Welcome to this week’s edition of our Friday Quality Linkage column. Please enjoy this week’s collection of interesting and entertaining links. Brew a fresh cup of coffee, find a comfortable place, and relax.
I (Chris) have loved Saturday Night Live since I was a kid, so this glimpse into what goes on behind the scenes was fascinating and entertaining to read.
[Lorne] Michaels needed to get station clearances up fast or face ratings doom. So he agreed to talk to me — initially on the phone. One thing he said illustrated how sure he was of his mission: “When we do well, we do the best comedy on TV. That’s not ego; that’s just the way it is.”
As John Gruber put it, “How [The New York Times] let Carter walk away is beyond me.”
Many folks will argue that you can’t travel and take so many photos because you won’t be living in the moment and experiencing it first hand. I feel this actually enables me to easily relive the moment. Since posting my collections, I’ve revisited them on countless occasions both myself and also when telling a story from a trip to a group of friends.
He covers everything, from trip planning to photography gear, plus tips on photo composition and culling/processing everything upon returning. Lots of great photos throughout. And this is just Part 1 too; we can’t wait to see the next installment.
On Wednesday (Feb 4th, 2015), National Geographic‘s cartographic department celebrated its 100th birthday by sharing an awesome collection of its maps.
[T]he scope of National Geographic’s cartographic department, which celebrates its hundredth anniversary this year, encompasses [the bearings] of every mountain, river, lake, road, reef, fjord, island, inlet, glacier, ocean, planet, galaxy, and solar system—in short, any physical feature on land, on sea, or in space.
At this writing (the count is obsolete as soon as it is tallied), National Geographic cartographers have produced 438 supplement maps, ten world atlases, dozens of globes, about 3,000 maps for the magazine, and many maps in digital form.
What if we made more active decisions about how we spent our Internet time? If we weren’t bogged down maintaining our inboxes and social networks, who would we set out to meet or get to know better? If we weren’t so busy clicking links or browsing photos in our feeds, what would we choose to study or learn more about? If we spent these hours differently, what would happen?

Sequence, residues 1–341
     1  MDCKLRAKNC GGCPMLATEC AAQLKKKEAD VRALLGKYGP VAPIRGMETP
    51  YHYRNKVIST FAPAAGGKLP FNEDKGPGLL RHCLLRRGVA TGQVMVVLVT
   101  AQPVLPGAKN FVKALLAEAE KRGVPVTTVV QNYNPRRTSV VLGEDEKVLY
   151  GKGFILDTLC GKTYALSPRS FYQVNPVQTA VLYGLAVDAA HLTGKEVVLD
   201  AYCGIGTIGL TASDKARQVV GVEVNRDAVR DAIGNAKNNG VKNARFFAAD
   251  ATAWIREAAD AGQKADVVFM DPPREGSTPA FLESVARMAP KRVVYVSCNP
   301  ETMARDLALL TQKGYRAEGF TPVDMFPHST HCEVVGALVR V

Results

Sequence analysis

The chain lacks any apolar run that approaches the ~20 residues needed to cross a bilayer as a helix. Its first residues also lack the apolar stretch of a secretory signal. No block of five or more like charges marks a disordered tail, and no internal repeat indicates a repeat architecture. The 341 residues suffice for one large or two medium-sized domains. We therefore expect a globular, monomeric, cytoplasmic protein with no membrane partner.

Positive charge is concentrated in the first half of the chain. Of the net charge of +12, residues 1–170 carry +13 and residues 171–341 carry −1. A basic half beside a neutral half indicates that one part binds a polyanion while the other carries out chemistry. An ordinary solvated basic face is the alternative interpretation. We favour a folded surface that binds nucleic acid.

I was curious to find out for myself.
So, one night while I was sitting in bed, I un-followed everyone on the Internet.
The results of her experiment are fascinating, particularly that the action of checking her various feeds was so ingrained into muscle memory that she continued doing it for a while even though nothing was there to check anymore.
While mass-unfollowing feeds might be too drastic a measure for some, there is always something to be said for carefully cultivating (and judiciously pruning) one’s online experience along the way.
According to my critics, even if you find your standard weekday boring, painful or unfulfilling, you ought to embrace it, simply because a third-world coal miner would kill for your benefits package. When so many have so little, attempting to escape a situation in which you can reliably feed yourself and fund a retirement could only be an act of the utmost ingratitude.
A minority of us believe the opposite is true — that escaping from an unfulfilling mainstream lifestyle isn’t a moral failing, but rather a moral imperative. It’s precisely because we have all the necessary freedoms at our fingertips (and because others don’t) that spending our lives in the stable isn’t just foolish, but wrong. To remain, voluntarily, in a life where your talents are wasted and your weekdays are obstacles is to be humble in all the wrong ways.
This article resonates with us in many ways. Nearly everyone on our team either works from home or is pursuing a business venture of some kind. We wouldn’t have it any other way.
If you’ve got an hour to spare and have even the slightest interest in marketing, watch this video. We couldn’t even pick just one quote to pull, there are so many good ones.
John McPhee, writing for The New Yorker about the evolution of his approach to (and preoccupation with) writing structure and text editors over the years:
In some twenty months, I had submitted half a dozen pieces, short and long, and the editor, William Shawn, had bought them all. You would think that by then I would have developed some confidence in writing a new story, but I hadn’t, and never would. To lack confidence at the outset seems rational to me. It doesn’t matter that something you’ve done before worked out well. Your last piece is never going to write your next one for you. Square 1 does not become Square 2, just Square 1 squared and cubed.
We like this little nugget about knowing where to end a piece:
Look back upstream. If you have come to your planned ending and it doesn’t seem to be working, run your eye up the page and the page before that. You may see that your best ending is somewhere in there, that you were finished before you thought you were.
Got any suggestions for articles, videos, stories, photographs, and any other links you think we should be posting in our weekly Quality Linkage? Please do let us know on Twitter.